This WW1 camp house is surrounded by farmland and we walked for a mile and a half to reach it. This was certainly worth it, the trek through farmers fields added to the excitement and suspense as the house emerged from the trees and nature surrounding it. It was clear from first glance that nature had succeeded in claiming back this land, which was even more evident as we explored inside.
History of Morn Hill
The history of this house is unclear, which is often the case with residential buildings. However Morn Hill has a rich WWI history and it is believed that the house played a role in this military history. Morn Hill was used as a camping ground for soldiers during WWI. They would travel by train to Chesil Station and then march to Morn Hill or Winnall Down to rest before heading to Southampton Port. Most soldiers only stayed at Morn Hill for a short time. Once their their division was fully assembled they then headed to the front line. Around 2 million men passed through Morn Hill Camp on their way to France. When USA joined the war in 1917 the site was also used by American troops and approximately 800,000 Americans passed through the camp. In 1919, after the end of the war the site was still in use. This time for all Allied troops who were awaiting repatriation. Once this process was completed the camp and all buildings were demolished.
The house is half a mile away from the camps on Morn Hill. Presumably it was used as accommodation for those who organised the troops during WWI. The house has been left abandoned for decades and the majority of the first floor has collapsed. Even on the ground floor care had to be taken as the flooring had rotted away and there were piles of rubble everywhere. There were still some beautiful original features to admire though. A couple of wooden doors were in great condition as well as the light switches. A butler-style sink stood in the kitchen along with the fireplace where the open range would have been. Treading cautiously through the house it soon became apparent that we were not the only creatures on the site. In one room towards the back of the house there were animal holes down into the floorboards. It looked like either badgers or foxes had claimed this house as their own.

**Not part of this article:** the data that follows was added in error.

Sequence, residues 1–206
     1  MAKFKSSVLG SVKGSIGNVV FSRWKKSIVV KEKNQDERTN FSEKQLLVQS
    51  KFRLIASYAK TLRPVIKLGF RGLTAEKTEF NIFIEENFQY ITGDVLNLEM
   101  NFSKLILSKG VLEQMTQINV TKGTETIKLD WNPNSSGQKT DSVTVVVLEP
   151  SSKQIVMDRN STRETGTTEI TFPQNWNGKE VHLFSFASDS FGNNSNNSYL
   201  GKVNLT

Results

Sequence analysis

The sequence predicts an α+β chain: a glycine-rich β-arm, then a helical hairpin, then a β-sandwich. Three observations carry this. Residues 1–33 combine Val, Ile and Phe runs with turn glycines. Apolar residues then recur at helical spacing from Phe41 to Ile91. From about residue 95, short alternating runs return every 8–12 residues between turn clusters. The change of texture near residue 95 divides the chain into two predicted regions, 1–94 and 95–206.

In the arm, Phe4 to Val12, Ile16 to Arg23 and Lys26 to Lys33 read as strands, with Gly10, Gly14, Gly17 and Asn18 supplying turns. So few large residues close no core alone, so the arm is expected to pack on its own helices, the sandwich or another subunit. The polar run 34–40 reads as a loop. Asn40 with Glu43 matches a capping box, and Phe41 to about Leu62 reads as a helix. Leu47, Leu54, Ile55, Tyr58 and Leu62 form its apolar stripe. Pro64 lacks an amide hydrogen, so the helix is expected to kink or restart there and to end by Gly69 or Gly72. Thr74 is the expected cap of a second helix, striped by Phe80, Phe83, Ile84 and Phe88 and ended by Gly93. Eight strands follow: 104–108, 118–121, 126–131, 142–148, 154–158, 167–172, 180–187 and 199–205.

In another room, the door appeared to be stuck. After kicking it open it turned out that a fresh hare carcass had been the cause of the stuck door. The house seems like it won’t be standing for much longer and nature is reclaiming the land again. Whilst the house doesn’t have any possessions to look through and there isn’t much left to tell the previous owner’s story. I found this exploration insightful all the same and really felt like I was stepping back in time to the Edwardian period. Thank you to the wildlife that let us explore their home undisturbed.
Last Updated on 29 October 2021 by Michael